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Three sons leave legacy

Sarah

Fleming

 

AS THE sun rose this Anzac Day, two Ma Ma Creek RSL members remembered the sacrifice of three local war heroes who lost their lives during World War 1.

The commemorative monument in honour of the Andrews brothers, placed in the St Stephen's Anglican Cemetery at Ma Ma Creek, was built by the brothers' family.

Fleurine Elise Andrews, mother to James, George and Bertie and widow of David Andrews, had the monument erected close to home in 1920 after requesting memorials to her three sons be placed near one another in France.

The memorial dedicated to the three brothers, all killed in France within three years of each other, has ensured the legacy of their family lives on, as inscribed on the monument: "Their name liveth for evermore".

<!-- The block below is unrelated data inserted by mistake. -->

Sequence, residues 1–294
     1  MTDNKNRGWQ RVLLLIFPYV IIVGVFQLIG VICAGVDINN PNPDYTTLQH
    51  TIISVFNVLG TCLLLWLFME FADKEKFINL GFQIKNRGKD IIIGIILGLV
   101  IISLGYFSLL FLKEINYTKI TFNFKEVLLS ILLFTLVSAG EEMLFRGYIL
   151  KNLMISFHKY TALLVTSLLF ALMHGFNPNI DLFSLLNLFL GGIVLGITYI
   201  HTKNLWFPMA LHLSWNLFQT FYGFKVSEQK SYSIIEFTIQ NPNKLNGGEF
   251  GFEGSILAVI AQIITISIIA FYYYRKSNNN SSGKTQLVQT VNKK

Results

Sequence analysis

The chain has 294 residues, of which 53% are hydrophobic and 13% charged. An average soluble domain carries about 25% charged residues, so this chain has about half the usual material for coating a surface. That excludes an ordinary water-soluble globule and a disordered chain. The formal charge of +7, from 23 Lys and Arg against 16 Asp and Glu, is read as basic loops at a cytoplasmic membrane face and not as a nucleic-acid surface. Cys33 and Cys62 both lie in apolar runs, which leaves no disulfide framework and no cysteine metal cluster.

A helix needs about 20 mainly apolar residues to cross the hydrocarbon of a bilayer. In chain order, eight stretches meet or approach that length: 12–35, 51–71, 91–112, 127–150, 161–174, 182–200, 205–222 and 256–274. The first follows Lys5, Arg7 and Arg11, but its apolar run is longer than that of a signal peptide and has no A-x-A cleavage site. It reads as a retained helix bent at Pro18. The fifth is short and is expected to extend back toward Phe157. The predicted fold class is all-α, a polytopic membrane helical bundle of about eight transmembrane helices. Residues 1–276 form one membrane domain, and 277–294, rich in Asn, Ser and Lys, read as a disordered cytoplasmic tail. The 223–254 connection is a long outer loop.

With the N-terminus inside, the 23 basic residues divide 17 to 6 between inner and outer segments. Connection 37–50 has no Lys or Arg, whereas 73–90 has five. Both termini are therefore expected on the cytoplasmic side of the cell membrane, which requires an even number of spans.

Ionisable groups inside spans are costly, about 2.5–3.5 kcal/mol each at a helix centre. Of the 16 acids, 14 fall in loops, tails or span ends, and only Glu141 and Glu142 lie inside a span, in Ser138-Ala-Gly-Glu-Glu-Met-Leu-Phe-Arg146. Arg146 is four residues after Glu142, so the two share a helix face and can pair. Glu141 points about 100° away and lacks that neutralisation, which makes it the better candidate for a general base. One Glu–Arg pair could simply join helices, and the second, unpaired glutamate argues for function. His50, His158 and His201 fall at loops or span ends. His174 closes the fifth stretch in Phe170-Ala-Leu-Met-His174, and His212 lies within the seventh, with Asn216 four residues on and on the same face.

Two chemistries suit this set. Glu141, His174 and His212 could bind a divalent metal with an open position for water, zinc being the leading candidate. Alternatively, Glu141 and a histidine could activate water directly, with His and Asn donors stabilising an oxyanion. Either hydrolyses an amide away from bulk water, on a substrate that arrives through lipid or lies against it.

James and Bertie enlisted on October 29, 1915, and were camped in Brisbane before sailing for Egypt in March 1916.

After arriving in France in May, 1916, they joined the 25th Battalion at the front on August 2.

James was killed after two days in action on August 5, 1916, at age 26. Bertie had been sent to England with a gunshot wound to his right foot on the same day.

He was to stay there until February 1918.

Before enlisting, George was a farm hand at the Gatton Agricultural College and farm manager in Townsville where he was starting an agricultural experimental farm.

 

The youngest of the family, Bertie had been recovering from his wound in England while his older brothers were reported as missing for many months until finally confirmed as deceased.

Bertie was killed in action on June 10, 1918, during the Australian attack on Morlancourt when he was just 20 years old.


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